The biggest thing that stood out to me was the shooting. Call of Duty gets praised often for it’s gunplay and how tight each gun shoots and going down sights (ADS) is. When I see guns I’m familiar with I usually get an idea how the gun will behave in the game. Black Ops doesn’t use conventional weapons instead they have mirror like equivalents to the real world. Guns like the KN-57 could be our world equivalent to the AK-47. There are so many more guns that mimic real world guns with a sci-fi spin on them this made it a little hard for me to pick guns and knowing how they fire. Another note on the guns, while some guns had different fire rates mostly I felt that they all shared a comparable recoil no matter what attachments I stuck on them. This feeling I had also spilled over into the Blackout mode. It’s possible this has been apart of Call of Duty for a while now and I just may not be in the know for this.
Zombies is the mode I have spent the least amount of time with but the time I did spend on it left me wanting to do more. I remember the early versions of Zombies mode when it was just a tacked on fun Co-op experience. Zombies has come a long long way since then.
When selecting Zombies mode for the first time I was greeted with a menu that made me go cross eyed. Now in the mode you have special load-outs consisting of a variety of perks and special attacks. You also have different maps and game types to choose from. I’ll try my best to talk about Classic and Rush.
Classic mode is exactly as advertised, you and 3 friends will work together to survive waves of zombies while navigating and discovering the secrets the map has hidden deep inside. Killing zombies will grant you points that you can use to unlock new guns littered across the map and unlock doors that will allow you to progress forward. This isn’t just a hoard mode, deep in each level you play there are secrets to unlock that you, the player, must discover. I love this spin on the played out hoard mode.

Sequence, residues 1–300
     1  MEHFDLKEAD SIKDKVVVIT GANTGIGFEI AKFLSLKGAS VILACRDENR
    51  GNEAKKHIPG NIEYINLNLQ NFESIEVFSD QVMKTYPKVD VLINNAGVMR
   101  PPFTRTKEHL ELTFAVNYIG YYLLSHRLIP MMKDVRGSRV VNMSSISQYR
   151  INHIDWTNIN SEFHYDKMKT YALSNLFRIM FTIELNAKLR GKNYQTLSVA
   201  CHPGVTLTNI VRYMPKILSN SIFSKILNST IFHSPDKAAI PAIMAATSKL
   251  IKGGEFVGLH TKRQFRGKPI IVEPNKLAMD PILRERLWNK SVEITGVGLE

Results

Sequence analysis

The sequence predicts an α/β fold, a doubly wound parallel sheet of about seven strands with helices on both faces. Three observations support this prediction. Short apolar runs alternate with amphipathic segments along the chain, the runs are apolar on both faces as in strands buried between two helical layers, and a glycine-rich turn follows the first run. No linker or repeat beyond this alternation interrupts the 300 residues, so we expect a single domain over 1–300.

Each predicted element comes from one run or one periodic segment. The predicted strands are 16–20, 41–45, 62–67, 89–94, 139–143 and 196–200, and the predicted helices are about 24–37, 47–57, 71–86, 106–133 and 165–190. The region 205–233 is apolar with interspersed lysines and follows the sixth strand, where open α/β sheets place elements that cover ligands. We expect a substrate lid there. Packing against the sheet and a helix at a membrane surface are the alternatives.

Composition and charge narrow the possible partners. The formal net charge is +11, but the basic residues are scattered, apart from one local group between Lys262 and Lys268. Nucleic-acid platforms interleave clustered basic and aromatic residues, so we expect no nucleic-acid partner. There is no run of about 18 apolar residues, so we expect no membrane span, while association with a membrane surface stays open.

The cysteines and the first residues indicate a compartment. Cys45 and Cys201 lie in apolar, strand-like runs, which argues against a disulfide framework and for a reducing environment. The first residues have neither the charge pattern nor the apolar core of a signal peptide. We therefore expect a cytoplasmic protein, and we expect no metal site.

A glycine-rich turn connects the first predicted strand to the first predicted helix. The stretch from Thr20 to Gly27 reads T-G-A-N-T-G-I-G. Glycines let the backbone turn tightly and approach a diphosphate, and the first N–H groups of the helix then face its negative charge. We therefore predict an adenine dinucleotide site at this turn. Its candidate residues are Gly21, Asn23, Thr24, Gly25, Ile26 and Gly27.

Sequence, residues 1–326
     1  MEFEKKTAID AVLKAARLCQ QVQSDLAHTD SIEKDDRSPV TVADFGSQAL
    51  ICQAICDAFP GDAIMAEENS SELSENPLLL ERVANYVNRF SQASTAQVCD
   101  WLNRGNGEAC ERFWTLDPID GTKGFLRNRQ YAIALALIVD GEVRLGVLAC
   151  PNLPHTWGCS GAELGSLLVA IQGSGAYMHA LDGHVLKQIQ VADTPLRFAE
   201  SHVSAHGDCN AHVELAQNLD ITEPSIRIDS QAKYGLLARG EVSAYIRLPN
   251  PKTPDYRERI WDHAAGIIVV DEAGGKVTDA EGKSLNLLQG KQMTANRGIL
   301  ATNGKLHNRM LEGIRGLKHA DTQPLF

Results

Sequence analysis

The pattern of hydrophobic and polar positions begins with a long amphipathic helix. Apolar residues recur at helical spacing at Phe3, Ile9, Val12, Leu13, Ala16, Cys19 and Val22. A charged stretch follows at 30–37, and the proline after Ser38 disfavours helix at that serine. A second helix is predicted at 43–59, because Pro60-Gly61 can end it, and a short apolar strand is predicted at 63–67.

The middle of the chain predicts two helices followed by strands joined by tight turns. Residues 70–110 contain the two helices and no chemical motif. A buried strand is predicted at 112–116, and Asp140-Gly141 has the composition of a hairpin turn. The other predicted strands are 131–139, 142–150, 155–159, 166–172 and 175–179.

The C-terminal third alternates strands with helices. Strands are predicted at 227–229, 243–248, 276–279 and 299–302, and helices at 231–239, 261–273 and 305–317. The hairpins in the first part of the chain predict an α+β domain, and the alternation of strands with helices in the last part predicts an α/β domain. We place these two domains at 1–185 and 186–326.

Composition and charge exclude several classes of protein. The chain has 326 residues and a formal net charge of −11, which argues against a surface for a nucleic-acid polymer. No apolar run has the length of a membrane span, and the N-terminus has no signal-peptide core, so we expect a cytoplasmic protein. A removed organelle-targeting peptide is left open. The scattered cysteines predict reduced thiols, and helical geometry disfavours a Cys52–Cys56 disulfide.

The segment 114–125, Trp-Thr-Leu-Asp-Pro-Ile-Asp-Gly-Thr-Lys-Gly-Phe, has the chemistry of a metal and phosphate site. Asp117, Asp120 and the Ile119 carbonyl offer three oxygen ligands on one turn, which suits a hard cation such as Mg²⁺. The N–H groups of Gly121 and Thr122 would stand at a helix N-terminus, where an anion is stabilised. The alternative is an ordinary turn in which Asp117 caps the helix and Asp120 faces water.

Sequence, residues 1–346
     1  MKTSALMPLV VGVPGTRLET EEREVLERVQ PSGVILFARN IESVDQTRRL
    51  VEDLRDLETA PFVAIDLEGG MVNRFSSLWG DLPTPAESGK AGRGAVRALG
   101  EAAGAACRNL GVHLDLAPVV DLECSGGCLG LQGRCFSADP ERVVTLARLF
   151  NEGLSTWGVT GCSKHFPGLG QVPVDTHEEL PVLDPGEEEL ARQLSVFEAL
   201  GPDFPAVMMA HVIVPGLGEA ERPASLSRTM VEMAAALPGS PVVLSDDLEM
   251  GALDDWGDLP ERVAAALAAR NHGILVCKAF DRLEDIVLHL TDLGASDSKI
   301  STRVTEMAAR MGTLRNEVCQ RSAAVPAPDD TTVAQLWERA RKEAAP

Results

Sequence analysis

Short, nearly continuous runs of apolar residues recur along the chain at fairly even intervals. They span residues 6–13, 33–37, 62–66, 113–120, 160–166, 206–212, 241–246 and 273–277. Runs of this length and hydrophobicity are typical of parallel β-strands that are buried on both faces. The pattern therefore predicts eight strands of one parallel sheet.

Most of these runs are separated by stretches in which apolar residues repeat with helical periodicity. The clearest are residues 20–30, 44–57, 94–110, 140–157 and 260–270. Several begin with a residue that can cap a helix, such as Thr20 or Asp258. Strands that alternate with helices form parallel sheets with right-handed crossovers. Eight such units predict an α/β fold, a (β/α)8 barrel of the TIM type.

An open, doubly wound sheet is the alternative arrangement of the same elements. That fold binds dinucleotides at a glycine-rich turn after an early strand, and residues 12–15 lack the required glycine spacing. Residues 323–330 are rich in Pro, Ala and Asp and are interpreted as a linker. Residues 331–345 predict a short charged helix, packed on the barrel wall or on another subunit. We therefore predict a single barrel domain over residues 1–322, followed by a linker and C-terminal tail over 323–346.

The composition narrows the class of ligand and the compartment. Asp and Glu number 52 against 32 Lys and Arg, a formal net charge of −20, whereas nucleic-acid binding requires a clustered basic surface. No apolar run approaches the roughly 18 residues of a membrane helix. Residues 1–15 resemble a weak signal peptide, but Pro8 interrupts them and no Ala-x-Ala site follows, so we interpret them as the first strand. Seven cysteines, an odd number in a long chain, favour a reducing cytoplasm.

I also had a chance to play a little bit of Rush mode. Rush takes the existing Co-op formula and turns it competitive. You still are working together to survive BUT you are also competing for points. You earn points by killing zombies and picking up point multipliers they drop. Every so often the announcer will call all the players to a section of the map and you much survive the RUSH of zombies and special zombies (think Left 4 Dead special zombies). This is a cool twist and I would love to hop in and do more. It’s a great mode for those who aren’t great at the standard multiplayer but still want to have fun with their friends and compete.
Overall the mode is fun and has many different scenarios for you and your friends to survive in. The characters you all portray are all very charismatic with tons of witty banter and quips that they blurt out. Ultimately the mode is worth a look over and while it doesn’t quite replace a full campaign it’s a fun time.
Pretty much the reason for me going back into Call of Duty after years of nay saying. I’ve played PUBG for nearly 300 hours and hold a great affinity to the Battle Royale genre. For me it started when DayZ hit the PC early access scene holding great promise at that time for being a massive realistic open world survival game but unfortunately never hitting the mark. The game type ultimately shifted from the open ended natured of DayZ to the more focused and competitive nature of of games like Player Unknown’s Battlegrounds, Fortnite and H1Z1. The genre has taken off like a SpaceX rocket and it’s popularity with it so now all the big publishers want their share of the pie. The first mainstream Battle Royale game is here in the form of COD: Blackout. Does it hold a candle to the competition?